A BIRTHDAY SALUTE: More or less ranked, anyway. Because it’s all great stuff…
The late, great Gil Kane (nee Eli Katz) was 95 years ago on April 26, 1926. He remains to this day one of the all-time comics greats, with a bold, dynamic style that is instantly recognizable.
With that in mind, columnist Fred Van Lente, a former Amazing Spider-Man writer, has put together THE TOP 13 GIL KANE SPIDER-MAN STORIES – RANKED.
Groovy. — Dan
By FRED VAN LENTE
Hi, my name is Fred Van Lente, and I read old comics so you don’t have to! Or, more accurately, I read old comics and report back to you which ones I think you should read, ranked semi-arbitrarily in order of preference.
Speaking of old comics, my partner-in-comics-crime Ryan Dunlavey (he of Comic Book History of Animation fame) and I are currently running a Kickstarter to bring back our first series, Action Philosophers! — in glorious color! If you are interested in the lives and thoughts of history’s A-List brain trust told in a hip and humorous fashion, please check it out and pledge, if you are so inclined.
That little plug out of the way, let’s get down to the matter of hand: Wishing a Happy Birthday to the late Gil Kane, one of the greatest comics artists of the 20th century. After a lengthy career at DC, where he’s most famous for designing Hal Jordan and most of the Green Lantern cast, he went to rival Marvel and did a zillion covers and pinch-hit on a number of titles, most notably one I used to write, The Amazing Spider-Man.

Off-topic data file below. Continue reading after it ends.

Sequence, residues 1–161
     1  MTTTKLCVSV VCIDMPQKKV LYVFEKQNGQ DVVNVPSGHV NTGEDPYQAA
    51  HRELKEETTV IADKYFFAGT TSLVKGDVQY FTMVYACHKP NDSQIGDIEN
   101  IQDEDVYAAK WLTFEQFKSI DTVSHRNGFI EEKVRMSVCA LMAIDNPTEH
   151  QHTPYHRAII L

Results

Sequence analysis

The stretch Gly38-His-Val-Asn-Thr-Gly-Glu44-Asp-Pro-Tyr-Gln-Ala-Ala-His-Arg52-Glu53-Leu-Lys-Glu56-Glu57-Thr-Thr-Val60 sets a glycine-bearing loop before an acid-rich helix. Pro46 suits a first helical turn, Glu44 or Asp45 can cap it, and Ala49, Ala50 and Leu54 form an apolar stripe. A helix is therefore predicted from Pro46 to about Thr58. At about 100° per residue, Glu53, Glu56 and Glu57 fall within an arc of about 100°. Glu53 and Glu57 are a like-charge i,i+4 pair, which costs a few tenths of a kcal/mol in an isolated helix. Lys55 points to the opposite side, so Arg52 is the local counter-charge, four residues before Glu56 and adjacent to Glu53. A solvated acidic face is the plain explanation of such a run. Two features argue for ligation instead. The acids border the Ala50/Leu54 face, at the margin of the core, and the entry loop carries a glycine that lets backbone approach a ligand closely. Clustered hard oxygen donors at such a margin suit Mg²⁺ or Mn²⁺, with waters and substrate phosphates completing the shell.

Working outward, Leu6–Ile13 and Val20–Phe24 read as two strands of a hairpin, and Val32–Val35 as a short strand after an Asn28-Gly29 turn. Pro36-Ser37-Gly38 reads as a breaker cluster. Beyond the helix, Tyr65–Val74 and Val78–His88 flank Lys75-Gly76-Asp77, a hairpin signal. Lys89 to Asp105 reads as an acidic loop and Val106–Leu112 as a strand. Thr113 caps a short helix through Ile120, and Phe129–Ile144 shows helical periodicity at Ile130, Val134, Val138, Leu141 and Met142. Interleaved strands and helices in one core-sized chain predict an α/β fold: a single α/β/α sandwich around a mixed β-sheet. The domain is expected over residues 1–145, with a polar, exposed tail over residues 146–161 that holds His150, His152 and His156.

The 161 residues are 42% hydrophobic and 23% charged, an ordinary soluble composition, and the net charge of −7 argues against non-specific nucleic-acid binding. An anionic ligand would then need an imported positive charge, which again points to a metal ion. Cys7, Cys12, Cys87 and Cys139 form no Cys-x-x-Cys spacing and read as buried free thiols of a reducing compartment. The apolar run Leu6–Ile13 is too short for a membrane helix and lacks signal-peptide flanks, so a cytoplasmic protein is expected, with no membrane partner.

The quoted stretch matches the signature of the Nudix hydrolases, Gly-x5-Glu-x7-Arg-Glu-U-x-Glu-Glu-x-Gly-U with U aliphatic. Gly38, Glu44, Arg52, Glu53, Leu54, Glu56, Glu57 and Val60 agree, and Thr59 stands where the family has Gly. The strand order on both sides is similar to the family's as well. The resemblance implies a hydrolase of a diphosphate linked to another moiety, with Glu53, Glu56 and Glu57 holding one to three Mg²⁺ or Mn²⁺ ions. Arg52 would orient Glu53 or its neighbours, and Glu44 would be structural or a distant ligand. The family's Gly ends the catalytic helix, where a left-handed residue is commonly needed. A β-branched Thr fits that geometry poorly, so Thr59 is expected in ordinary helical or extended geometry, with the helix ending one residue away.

Kane wasn’t on this title long — barely 20 issues between 1970 and 1973 — but he left a major impression, guiding the title through some of the most seminal storylines in its history. Despite the brilliance of his GL run, Kane was kind of born to draw Spider-Man, whose singularly acrobatic posing and fighting style was perfect for the artist’s deep perspective panels of tumbling, twisting figures.
You Stan stans who got all bent out of shape by my review of Abraham Reisman’s True Believer should be pleased to hear that Gil Kane was one of the artists who really loved working with Lee’s Marvel Method:
“I think that without question that the (resulting comics) writing is infinitely more spontaneous, more varied, more effective than it ever could be if the writer just sits down and types out ‘Panel One, Scene One’ and dictates the thing right from the start, and the artist is merely an instrument.”